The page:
We were crouched on a beautiful trail overlooking the bay on the west, and the beautiful golden hills on the east. A flock of birds flew overhead, while an egret stood in the shallow waters below.
We were a cacophonous group at times, gregarious at others, fast and slow either by choice or the lack of it. The cousin and family had come a-visiting and we were enjoying their company. The laughter, wisdom of the different ages, and the quirks of life that make for fun and interesting times were in plenty. We had already walked a good 5 miles, and were heading back home.
Suddenly, the son crouched. I knew at once that a small role-poly or lady bug must’ve stopped him in his tracks. I headed over to see, and just as I thought, it was a lady bug. A red beauty. We had seen an orange spotted one on a mustard bush a few minutes ago, and here was a red seven spotted one moving slowly. It had crawled up a cliff, and was justifiably slow moving.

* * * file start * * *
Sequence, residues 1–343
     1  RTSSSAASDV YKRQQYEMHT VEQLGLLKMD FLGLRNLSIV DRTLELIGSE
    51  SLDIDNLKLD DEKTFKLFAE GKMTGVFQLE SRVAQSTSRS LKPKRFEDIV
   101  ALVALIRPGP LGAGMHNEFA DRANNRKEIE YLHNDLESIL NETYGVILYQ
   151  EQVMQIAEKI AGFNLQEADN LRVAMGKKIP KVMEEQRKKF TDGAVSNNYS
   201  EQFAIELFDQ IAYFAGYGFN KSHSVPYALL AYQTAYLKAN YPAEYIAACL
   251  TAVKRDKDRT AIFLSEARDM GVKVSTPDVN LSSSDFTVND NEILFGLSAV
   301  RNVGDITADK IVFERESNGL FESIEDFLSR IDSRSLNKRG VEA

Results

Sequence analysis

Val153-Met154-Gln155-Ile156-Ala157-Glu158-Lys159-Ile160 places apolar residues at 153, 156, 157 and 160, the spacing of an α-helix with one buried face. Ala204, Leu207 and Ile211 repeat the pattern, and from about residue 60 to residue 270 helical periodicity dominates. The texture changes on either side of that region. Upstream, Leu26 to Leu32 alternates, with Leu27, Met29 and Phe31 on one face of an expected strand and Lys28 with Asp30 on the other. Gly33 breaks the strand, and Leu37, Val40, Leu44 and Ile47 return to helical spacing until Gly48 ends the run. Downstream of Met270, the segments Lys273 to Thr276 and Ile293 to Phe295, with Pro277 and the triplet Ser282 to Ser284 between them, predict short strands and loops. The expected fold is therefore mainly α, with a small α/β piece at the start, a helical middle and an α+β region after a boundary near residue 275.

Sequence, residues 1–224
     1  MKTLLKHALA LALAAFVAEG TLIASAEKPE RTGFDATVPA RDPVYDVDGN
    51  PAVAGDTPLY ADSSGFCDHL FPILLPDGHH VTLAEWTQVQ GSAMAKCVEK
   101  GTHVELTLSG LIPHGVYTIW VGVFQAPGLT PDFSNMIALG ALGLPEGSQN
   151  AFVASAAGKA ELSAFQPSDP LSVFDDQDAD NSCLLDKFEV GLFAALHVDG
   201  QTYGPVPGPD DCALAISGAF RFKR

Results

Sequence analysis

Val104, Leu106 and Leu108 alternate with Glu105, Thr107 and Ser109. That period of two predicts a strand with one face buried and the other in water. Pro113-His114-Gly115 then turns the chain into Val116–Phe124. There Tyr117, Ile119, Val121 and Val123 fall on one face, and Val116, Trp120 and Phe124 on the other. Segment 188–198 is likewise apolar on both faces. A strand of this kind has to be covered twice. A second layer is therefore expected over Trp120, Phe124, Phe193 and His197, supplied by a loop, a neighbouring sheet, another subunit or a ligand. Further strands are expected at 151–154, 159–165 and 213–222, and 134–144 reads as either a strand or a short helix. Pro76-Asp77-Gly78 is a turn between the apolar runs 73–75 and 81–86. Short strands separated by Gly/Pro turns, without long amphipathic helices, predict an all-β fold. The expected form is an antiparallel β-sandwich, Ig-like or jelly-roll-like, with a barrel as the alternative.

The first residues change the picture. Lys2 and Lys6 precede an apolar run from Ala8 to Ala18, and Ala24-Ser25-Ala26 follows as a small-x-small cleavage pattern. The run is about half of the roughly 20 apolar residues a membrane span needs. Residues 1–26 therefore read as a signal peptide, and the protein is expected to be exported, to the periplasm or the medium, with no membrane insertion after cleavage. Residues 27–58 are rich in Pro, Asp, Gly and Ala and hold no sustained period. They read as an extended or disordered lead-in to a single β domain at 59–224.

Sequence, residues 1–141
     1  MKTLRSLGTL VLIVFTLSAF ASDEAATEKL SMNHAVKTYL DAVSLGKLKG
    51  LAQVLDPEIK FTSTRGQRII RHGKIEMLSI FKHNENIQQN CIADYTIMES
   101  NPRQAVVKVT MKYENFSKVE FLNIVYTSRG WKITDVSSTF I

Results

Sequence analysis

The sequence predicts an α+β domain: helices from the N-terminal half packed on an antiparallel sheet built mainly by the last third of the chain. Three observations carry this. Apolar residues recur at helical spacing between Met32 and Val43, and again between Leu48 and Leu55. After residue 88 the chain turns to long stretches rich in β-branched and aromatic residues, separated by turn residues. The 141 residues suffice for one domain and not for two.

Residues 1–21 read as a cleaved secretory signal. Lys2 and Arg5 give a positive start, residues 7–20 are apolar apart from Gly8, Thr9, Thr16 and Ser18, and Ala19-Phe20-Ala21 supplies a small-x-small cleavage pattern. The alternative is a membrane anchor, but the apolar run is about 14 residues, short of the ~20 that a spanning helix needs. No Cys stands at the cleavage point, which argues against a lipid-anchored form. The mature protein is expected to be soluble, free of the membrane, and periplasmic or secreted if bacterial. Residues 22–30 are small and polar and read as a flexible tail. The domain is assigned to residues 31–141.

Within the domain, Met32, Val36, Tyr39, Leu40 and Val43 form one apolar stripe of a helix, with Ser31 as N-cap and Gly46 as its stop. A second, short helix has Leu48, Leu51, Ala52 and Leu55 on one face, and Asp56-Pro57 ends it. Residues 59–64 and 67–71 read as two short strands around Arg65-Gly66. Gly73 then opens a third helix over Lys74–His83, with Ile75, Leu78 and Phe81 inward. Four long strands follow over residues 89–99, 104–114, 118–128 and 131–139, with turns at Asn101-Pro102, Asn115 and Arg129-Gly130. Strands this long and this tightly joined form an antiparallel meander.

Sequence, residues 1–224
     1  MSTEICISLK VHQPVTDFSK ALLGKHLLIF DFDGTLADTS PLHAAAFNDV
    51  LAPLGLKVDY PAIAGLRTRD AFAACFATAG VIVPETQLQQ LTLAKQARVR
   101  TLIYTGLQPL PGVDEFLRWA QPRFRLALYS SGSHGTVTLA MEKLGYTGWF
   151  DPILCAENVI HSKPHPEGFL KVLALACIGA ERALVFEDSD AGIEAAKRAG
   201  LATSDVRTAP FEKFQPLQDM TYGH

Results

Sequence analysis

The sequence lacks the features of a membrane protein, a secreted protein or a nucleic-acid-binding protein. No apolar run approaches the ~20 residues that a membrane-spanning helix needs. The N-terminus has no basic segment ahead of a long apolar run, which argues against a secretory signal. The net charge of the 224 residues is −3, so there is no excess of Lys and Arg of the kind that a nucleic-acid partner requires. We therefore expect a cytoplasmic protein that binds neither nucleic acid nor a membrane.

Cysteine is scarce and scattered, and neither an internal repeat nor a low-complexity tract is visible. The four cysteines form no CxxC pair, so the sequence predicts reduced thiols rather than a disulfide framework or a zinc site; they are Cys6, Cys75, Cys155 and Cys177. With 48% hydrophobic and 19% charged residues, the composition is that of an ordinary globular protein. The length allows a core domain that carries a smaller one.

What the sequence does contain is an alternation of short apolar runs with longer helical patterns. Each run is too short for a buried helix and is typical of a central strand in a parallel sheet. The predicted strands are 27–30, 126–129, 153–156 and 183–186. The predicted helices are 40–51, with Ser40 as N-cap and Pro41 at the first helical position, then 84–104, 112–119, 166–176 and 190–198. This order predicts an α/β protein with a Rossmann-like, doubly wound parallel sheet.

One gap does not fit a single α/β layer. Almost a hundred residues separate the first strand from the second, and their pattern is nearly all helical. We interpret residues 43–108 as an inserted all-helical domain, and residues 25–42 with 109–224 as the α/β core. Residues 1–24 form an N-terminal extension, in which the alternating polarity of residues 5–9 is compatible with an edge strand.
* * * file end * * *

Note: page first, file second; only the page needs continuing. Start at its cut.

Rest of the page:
Our companions, braver souls than the son and I when it came to fauna, gave their hand nearby and the ladybug crawled on. Watching it maneuver the contours of the fingers and hands was a joy to watch. If they did have a fear of heights, it wasn’t apparent. What they did seem to have is a remarkable spatial orientation – when the degree of the hand tilted, it moved quickly towards stabler slopes.
Slowly, however, we let the creature dawdle on by the bayside – away from pedestrian traffic. However, the image of the little creature is a striking one. Was it aware that it was on a beautiful trail overlooking a Bay of the Pacific Ocean? Real estate prices, climate change notwithstanding, the lady bug was a gentle reminder to live in the present. To be a part of life that fills this planet with beauty. To be a red thread in the rich tapestry of life.
Regular readers know my curiosity about the collective nouns for creatures:
Well, I was delighted to know that a cluster of ladybugs is called a loveliness.